Violence Against Women Act

The Violence against Women Act, or VAWA, allows an abused spouse or child of a U.S. Citizen or Lawful Permanent Resident, or an abused parent of U.S. Citizen to self-petition for lawful status in the United States, receive employment authorization and access public benefits. VAWA provides survivors of domestic violence with the means that are essential to seek safety and independence from their abuser, who is not notified about the filing. This is also known as a SELF PETITION.

You may be eligible to file for VAWA if you fit into one of the following categories:
  • Spouse:
    1. You are married to a U.S. Citizen or permanent resident abuser; or
    2. Your marriage to the abuser was terminated by death or a divorce (related to the abuse) within the 2 years prior to filing your petition; or
    3. Your spouse lost or renounced citizenship or permanent resident status within the 2 years prior to your filing your petition due to an incident of domestic violence; or
    4. You believed that you were legally married to your abusive U.S. Citizen or permanent resident spouse but the marriage was not legitimate solely because of the bigamy of your abusive spouse.
    5. You have suffered extreme cruelty/battery by your U.S. Citizen or permanent residence spouse; or
    6. Your child has been subjected to battery or extreme cruelty by your U.S. Citizen or permanent resident spouse.
    7. You entered into the marriage in good faith, not solely for immigration benefits.
    8. You have resided with your spouse.
    9. You are a person of good moral character.
  • Parent:
    1. You are the parent of a U.S. citizen son or daughter who is at least 21 years of age when the self-petition is filed; or
    2. You are the parent of a U.S. citizen son or daughter who lost or renounced citizenship status related to an incident of domestic violence; or
    3. You are the parent of a U.S. citizen son or daughter who was at least 21 years of age and who died within 2 years prior to filing the self-petition.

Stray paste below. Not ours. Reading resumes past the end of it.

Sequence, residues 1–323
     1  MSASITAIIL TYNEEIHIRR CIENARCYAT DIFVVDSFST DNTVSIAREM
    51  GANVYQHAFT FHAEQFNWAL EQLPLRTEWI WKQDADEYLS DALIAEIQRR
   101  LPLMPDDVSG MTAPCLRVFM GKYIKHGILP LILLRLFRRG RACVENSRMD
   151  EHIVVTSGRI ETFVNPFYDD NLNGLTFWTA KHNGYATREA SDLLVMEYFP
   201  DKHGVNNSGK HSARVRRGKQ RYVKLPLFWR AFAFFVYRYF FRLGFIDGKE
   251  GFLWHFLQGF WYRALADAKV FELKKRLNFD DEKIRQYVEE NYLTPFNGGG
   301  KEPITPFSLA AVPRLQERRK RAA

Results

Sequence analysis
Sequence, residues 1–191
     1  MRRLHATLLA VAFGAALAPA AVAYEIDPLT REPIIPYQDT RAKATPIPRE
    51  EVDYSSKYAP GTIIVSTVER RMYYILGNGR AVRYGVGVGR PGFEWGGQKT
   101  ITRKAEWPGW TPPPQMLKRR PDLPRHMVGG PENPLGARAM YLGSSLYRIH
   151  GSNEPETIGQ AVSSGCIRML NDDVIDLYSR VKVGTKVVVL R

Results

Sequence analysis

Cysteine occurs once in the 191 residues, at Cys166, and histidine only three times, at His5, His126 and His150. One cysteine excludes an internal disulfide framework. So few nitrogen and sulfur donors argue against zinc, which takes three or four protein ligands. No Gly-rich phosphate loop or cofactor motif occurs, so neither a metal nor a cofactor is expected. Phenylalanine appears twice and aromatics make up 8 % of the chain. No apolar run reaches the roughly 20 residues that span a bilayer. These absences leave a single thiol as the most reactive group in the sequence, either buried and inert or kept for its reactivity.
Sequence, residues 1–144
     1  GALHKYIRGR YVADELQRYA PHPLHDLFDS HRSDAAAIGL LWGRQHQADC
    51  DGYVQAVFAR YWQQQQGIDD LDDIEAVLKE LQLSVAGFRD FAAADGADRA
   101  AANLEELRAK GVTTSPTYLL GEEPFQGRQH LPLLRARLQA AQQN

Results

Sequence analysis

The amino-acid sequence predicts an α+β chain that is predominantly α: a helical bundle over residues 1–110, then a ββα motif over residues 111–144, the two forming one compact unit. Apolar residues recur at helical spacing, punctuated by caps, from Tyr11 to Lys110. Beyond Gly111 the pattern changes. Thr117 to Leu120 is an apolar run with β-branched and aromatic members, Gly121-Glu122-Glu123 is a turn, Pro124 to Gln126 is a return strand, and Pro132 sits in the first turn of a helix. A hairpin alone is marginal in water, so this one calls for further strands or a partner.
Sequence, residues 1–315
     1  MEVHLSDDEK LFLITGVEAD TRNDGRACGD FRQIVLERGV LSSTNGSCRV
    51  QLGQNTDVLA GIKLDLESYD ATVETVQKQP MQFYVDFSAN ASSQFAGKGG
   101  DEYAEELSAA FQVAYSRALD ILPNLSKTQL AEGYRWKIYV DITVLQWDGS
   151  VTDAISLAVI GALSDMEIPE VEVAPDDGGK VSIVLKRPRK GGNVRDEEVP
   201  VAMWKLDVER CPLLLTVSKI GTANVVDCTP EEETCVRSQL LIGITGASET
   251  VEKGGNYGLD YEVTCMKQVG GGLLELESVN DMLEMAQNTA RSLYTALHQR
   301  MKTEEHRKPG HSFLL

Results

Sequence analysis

4. You have suffered battery or extreme cruelty by your U.S. citizen son or daughter.
    5. You have resided with the abusive son or daughter.
    6. You are a person of good moral character.
  • Child:
    1. You are the unmarried child under the age of 21 of a U.S. citizen or permanent resident abuser; or
    2. You are the child of a U.S. citizen or permanent resident abuser who lost citizenship or lawful permanent resident status due to an incident of domestic violence.
    3. You have suffered battery/extreme cruelty by your U.S. citizen or permanent resident parent.
    4. You have resided with your abusive parent.
    5. You are a person of good moral character; a child less than 14 years of age is presumed to be a person of good moral character.

To begin the process, you must complete the [Form I-360], Petition for Amerasian, Widow(er), or Special Immigrant, including all supporting documentation. If you have an approved [Form I-360], you may be eligible for a plethora of benefits, including work authorization, public benefits, and even be eligible to file for a green card.

For more information, please visit the USCIS website at: http://www.uscis.gov/humanitarian/battered-spouse-children-parents.

If you would like to begin the process for a VAWA petition or have further inquiries, please feel free to contact our office to schedule a consultation with our highly experienced immigration attorney.
Posted On: 2014-Jun-17
 


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